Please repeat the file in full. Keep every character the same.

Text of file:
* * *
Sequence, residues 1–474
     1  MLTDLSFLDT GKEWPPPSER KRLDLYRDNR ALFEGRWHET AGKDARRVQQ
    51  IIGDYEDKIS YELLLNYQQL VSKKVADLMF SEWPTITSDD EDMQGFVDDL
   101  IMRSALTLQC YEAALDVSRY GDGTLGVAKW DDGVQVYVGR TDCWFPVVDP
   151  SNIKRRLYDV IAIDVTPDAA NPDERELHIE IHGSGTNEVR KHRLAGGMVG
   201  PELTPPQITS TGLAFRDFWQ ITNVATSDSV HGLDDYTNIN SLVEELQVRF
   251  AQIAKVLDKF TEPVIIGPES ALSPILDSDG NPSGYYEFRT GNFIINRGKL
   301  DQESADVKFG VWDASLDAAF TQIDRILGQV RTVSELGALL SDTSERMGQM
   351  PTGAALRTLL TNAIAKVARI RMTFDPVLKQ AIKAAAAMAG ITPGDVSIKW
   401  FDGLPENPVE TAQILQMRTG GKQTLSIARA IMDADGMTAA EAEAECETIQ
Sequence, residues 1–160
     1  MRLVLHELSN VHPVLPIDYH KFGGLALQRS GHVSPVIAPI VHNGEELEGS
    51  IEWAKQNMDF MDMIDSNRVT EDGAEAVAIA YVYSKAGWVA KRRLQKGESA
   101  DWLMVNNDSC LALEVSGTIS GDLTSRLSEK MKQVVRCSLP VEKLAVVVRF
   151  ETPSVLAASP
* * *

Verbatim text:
Sequence, residues 1–474
     1  MLTDLSFLDT GKEWPPPSER KRLDLYRDNR ALFEGRWHET AGKDARRVQQ
    51  IIGDYEDKIS YELLLNYQQL VSKKVADLMF SEWPTITSDD EDMQGFVDDL
   101  IMRSALTLQC YEAALDVSRY GDGTLGVAKW DDGVQVYVGR TDCWFPVVDP
   151  SNIKRRLYDV IAIDVTPDAA NPDERELHIE IHGSGTNEVR KHRLAGGMVG
   201  PELTPPQITS TGLAFRDFWQ ITNVATSDSV HGLDDYTNIN SLVEELQVRF
   251  AQIAKVLDKF TEPVIIGPES ALSPILDSDG NPSGYYEFRT GNFIINRGKL
   301  DQESADVKFG VWDASLDAAF TQIDRILGQV RTVSELGALL SDTSERMGQM
   351  PTGAALRTLL TNAIAKVARI RMTFDPVLKQ AIKAAAAMAG ITPGDVSIKW
   401  FDGLPENPVE TAQILQMRTG GKQTLSIARA IMDADGMTAA EAEAECETIQ
Sequence, residues 1–160
     1  MRLVLHELSN VHPVLPIDYH KFGGLALQRS GHVSPVIAPI VHNGEELEGS
    51  IEWAKQNMDF MDMIDSNRVT EDGAEAVAIA YVYSKAGWVA KRRLQKGESA
   101  DWLMVNNDSC LALEVSGTIS GDLTSRLSEK MKQVVRCSLP VEKLAVVVRF
   151  ETPSVLAASP